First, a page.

Recording a lecture in front of my degrees, press passes… and bobbleheads.

5. You have to use video

I keep mentioning video. You need it in your online course. I’d argue it’s even more important in a course that’s been meeting traditionally but has suddenly been shifted online. Students are used to seeing your face and hearing your voice. And depending on your lecture style, they may not be used to relying heavily on readings to understand concepts. To suddenly adopt a “just read the book” approach is going to disrupt their study strategies.

A few quick tips:

1. Break it up – We know just lecturing for an hour doesn’t work in the classroom. It doesn’t work online either. Try recording separate clips for each major component of a unit. Keep them under 15 minutes each. This will also help if you’re not going to be doing any video editing and trying to nail a clip in one take.

2. Setting matters – Most importantly, make sure you can be seen and heard. Find a place with plentiful lighting and minimal noise. I like to add some flavor to my setting with décor on the walls. I also have a bookshelf behind me that houses a rotation of keepsakes and knick-knacks that change every few videos. If you have video editing software and experience, you can add variety to the setting by periodically transitioning between slides and your face. I like to show slides full-screen when I’m covering terminology; myself full-screen when I’m giving examples or illustrations.

3. Equipment matters – Should your university close its doors, it’s going to save a ton on electricity and other upkeep. Surely they’ll pass that along to you, dear faculty, to buy some halfway decent gear for this sudden online experience. Okay… of course they won’t. But recording equipment can make or break a video lecture.

Audio is more important than video. Ask your students about the Snapchats and TikToks they enjoy most. The camera can be shaky; the lighting can be too dark. Bad video might be a little distracting, but if the speaker is too quiet to hear, or so loud the mic is peaking, that can make the lecture useless.

Test out what you’ve already got. Your smartphone might outperform your computer (just remember to position the phone horizontally to record in landscape!). Most of you doing this online thing temporarily will stop here.

If you are planning to develop fully online courses and want to record from home, equip your smartphone with a mini-tripod and an external lapel mic (assuming your phone still has a headphone jack). If you’re upgrading your computer, you’ll likely want a better webcam. The Logitech C920 is a popular choice even for professional streamers… and it’s under $50. Toss in a USB mic and you’ll sound amazing. I use the Blue Yeti because I also stream and do voiceover work. A Blue Snowball is cheaper and will be more than enough for recording lectures. There may be some even cheaper options available; feel free to leave a note in the comments.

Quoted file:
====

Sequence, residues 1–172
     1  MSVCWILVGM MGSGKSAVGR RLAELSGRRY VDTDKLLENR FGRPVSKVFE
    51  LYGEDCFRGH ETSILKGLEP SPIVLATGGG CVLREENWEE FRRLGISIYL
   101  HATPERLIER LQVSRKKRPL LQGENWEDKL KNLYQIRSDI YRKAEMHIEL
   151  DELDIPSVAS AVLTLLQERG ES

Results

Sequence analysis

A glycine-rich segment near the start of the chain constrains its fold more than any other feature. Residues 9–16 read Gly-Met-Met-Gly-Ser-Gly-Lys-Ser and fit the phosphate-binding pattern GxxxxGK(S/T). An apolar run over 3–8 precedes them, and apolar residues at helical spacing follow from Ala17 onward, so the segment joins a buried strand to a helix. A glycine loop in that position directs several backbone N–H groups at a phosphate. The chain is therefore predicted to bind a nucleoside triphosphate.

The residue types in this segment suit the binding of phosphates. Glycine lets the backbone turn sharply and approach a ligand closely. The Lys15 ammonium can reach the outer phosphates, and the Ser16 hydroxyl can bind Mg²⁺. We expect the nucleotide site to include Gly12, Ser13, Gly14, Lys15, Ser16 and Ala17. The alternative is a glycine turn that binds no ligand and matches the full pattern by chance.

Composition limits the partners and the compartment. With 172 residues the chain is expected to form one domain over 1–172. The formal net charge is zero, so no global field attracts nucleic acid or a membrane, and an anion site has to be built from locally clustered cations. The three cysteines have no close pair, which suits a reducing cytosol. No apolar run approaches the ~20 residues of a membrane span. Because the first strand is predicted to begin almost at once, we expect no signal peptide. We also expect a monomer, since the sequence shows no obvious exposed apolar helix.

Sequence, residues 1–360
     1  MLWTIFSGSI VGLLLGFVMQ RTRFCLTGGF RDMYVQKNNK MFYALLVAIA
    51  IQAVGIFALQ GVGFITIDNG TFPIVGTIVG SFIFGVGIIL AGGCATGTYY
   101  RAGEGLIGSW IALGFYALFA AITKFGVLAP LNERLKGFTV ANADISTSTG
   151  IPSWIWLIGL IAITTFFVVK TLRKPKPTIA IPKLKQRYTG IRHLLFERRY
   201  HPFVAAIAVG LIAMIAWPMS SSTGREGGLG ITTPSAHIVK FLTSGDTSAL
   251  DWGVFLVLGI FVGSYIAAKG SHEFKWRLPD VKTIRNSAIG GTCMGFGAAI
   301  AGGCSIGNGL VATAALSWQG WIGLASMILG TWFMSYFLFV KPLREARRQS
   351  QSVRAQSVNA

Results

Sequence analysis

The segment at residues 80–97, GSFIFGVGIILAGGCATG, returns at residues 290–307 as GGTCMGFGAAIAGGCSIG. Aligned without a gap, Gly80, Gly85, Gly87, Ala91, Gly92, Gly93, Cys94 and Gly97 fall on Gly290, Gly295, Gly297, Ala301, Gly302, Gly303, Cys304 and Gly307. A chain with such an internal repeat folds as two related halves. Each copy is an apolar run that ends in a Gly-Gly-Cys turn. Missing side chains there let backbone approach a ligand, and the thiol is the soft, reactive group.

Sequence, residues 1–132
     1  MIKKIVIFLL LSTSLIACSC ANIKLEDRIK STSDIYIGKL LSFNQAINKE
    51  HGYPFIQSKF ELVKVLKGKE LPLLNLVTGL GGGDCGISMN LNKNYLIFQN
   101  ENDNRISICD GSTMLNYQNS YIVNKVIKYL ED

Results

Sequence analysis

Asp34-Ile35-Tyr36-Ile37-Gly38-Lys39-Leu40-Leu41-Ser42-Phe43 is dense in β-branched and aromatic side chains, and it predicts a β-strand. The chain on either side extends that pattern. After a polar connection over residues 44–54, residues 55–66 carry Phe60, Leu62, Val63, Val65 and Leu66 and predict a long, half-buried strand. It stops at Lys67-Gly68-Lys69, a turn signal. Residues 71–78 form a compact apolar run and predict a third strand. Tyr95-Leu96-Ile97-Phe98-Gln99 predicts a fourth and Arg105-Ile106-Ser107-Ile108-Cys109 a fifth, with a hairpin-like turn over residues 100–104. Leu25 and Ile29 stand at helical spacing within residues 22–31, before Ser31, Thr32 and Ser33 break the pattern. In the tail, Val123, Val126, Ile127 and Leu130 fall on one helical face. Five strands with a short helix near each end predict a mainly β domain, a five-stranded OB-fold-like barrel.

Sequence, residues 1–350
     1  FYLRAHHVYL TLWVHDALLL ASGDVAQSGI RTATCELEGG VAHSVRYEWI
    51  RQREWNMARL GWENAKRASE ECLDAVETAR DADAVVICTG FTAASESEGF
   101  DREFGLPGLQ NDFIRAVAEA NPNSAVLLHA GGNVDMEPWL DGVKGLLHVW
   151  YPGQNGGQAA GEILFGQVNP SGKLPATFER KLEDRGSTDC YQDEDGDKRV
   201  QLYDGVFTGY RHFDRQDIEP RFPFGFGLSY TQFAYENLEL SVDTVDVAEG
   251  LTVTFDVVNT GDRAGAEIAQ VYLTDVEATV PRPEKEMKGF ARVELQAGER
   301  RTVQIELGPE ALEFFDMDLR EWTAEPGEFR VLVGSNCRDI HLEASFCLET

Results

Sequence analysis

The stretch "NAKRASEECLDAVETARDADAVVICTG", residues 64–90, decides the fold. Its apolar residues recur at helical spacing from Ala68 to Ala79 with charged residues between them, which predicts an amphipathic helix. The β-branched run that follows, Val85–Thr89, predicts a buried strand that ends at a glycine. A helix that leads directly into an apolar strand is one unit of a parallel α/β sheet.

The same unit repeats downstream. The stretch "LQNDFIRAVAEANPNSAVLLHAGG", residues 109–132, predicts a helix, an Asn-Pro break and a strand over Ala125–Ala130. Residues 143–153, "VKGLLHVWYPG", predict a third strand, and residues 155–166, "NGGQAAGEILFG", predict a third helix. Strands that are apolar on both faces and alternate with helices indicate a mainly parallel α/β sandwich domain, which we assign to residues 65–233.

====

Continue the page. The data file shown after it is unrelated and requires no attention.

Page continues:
6. Check to see what students see

Once you’ve got everything up and running, use the student view in your LMS to see the course exactly as they do. Sometimes faculty view looks much different than what students will experience. Open modules, watch videos, try to submit an assignment. See if it satisfies the navigation and accessibility goals we established earlier.

7. Be prepared to help students who have access problems

I mentioned this earlier, but it deserves its own point. You’re not the only one disrupted by a campus shutdown. Whereas you have a nearby home with a bed, food, and an internet connection at the ready, your students might not. As frustrating as it is for us as faculty that administrators think we can turn everything we teach into an online class by flipping a switch, creating a homeless population of students is the much more significant impact universities are overlooking.

Remember, these students didn’t choose an online course, potentially because they knew they didn’t have the tools to participate in one. Help them locate resources from a local library or McDonald’s (don’t laugh; the prevalence of the Golden Arches and their free Wi-Fi practically make them a civic institution).

8. Be empathetic and flexible

We’re embarking on something that’s unprecedented for most of us. And while we’re trying to minimize the degree to which we are flying by the seat of our pants, some improvisation is unavoidable.

Now’s not the time to try to force that assignment that you love, but just isn’t going to work in an online format. It’s not the time to rigidly enforce due dates if students have not already been turning in work digitally. Throughout the communication described in the tips above, express empathy and create a welcoming environment for students to express difficulties or concerns.

Ready? Neither am I! But here we go…

Update: Since this post, I’ve transitioned my classes for online delivery, and shared 5 more tips from the first week of working from home.

Cover illustration courtesy kreatikar on Pixabay


6 thoughts on “8 tips for setting up and teaching online classes during coronavirus closures”

  1. We have found that our students ignore their email but open mail that comes from the LMS. I’m wondering if I can do my classes in real time, since the students have already made that time in their schedules. Not sure what I’ll do, but as of now, we are on spring break and don’t know what happens next. Thanks for the tips!

  2. I’m not a teacher but, as a person who makes things for the web, these are some solid tips—particularly the ones regarding multimedia and making content available in different formats.

    One accessibility tip I can add: when creating links, make the text descriptive. Don’t use “Click here.” Instead say, for example, “Download the PDF syllabus.” This will improve the experience for anyone using a screen reader (and everyone else, really).

    Regarding microphones… I work remotely so all meetings are conducted via Google Hangouts, Slack, etc. I’m not always able to control the background noise so I went for a cardioid microphone that doesn’t pick up sound from all directions. This one came highly recommended people I follow: https://www.amazon.com/gp/product/B004QJOZS4